March to Wipe Polio Off the Face
of the Earth Forever!
Every club is encouraged to accept the challenge to raise as much money as possible by walking,
sponsoring walkers or generating donations any way you wish
- and then come celebrate during this great overnight event
that will show the world that Rotary Districts 5300 and 5330
are committed to finish the fight and end the threat and
suffering of Polio - forever.
Ron Burton - President Rotary International
Join us - wipe out Polio, we are so close!
Regional Little League Field, San Bernardino
6707 Little League Drive (off the 15 Freeway)
Donate to Eliminate Polio
Sign Up for Polio Walk
After nearly 30 years, and after immunizing more than 2 billion children against polio, Rotary and its partners are on the brink of making history. We are This Close.
When Rotary began the fight in 1985, polio affected 350,000 people, mostly children, in 125 countries every year. Since then, polio has been reduced by more than 99 percent.
Fewer than 700 new cases were reported in 2011, and the wild poliovirus today is confined to isolated pockets in only three countries. We truly are This Close to ending polio forever. But if we don't finish the fight right now, polio could quickly resurge, with devastating consequences.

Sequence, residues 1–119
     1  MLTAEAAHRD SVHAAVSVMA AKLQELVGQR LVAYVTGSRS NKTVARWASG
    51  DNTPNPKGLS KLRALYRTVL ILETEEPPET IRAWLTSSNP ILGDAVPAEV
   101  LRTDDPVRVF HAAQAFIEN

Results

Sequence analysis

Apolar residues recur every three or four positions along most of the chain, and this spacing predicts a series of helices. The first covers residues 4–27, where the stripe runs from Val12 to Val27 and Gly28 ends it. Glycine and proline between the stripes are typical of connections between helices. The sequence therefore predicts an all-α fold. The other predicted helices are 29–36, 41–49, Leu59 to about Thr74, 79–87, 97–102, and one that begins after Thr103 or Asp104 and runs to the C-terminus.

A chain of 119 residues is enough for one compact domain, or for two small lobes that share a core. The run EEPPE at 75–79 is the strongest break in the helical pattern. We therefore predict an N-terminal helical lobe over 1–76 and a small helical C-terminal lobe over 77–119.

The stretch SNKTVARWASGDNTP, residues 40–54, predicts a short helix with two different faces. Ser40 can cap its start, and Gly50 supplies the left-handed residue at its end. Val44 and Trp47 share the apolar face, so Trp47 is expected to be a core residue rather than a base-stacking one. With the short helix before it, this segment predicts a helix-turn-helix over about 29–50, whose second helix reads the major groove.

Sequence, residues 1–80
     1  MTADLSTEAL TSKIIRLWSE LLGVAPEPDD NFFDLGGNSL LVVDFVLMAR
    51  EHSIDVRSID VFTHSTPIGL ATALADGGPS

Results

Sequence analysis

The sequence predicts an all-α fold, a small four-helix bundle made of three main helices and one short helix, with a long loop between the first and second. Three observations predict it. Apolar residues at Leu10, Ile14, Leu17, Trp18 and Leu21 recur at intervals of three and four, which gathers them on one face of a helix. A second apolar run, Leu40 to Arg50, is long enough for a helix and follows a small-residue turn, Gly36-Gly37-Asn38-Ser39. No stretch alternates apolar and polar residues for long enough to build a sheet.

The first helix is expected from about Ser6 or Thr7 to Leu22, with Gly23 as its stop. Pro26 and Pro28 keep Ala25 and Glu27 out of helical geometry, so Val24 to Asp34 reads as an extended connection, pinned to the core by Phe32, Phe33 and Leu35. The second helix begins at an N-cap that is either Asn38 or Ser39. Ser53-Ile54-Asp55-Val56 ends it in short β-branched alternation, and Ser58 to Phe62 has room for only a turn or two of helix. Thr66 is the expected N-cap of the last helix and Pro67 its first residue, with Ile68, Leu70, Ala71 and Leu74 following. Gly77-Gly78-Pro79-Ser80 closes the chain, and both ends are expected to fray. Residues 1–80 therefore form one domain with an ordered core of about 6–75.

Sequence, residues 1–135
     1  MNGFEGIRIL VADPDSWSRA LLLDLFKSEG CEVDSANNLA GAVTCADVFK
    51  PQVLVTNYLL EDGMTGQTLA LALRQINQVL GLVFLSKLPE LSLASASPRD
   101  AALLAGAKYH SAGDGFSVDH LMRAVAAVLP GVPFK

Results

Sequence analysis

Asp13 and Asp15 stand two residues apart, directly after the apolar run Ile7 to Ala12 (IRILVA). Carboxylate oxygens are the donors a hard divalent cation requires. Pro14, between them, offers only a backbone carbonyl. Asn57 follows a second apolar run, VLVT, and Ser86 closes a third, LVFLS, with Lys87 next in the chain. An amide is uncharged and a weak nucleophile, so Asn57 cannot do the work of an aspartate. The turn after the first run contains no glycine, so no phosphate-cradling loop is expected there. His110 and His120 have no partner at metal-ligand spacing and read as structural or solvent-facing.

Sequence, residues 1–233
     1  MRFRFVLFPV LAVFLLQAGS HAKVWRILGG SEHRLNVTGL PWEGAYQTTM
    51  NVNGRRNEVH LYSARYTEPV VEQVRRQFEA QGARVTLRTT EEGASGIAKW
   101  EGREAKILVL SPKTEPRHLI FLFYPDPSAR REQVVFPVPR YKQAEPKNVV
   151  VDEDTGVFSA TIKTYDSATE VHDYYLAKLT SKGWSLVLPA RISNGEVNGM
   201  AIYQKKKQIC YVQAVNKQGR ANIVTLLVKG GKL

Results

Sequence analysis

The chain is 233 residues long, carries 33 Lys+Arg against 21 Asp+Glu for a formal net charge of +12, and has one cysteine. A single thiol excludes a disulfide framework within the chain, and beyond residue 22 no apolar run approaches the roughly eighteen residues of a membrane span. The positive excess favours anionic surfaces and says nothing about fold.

What would it take to change the world? Rotary's 1.2 million members believe it starts with a commitment to Service Above Self. In more than 34,000 clubs worldwide, you
will find members volunteering in communities at home
and abroad to support a myriad of worthy projects.
The 34,282 Rotary clubs are divided into geographical
area groups called Districts. Most Rotary
Districts contain 50-70 Rotary clubs. There
are 538 Rotary Districts within Rotary. The 538
Districts belong to 34 Rotary Zones.
began as an idea more than 100 years ago. Today, Rotary
flourishes worldwide with 1.2 million members in more
than 200 countries and geographical areas.
The world's first service club, the Rotary Club of
Chicago, was formed on 23 February 1905 by Paul P.
Harris, an attorney who wished to capture in a
professional club the same friendly spirit he had felt
in the small towns of his youth.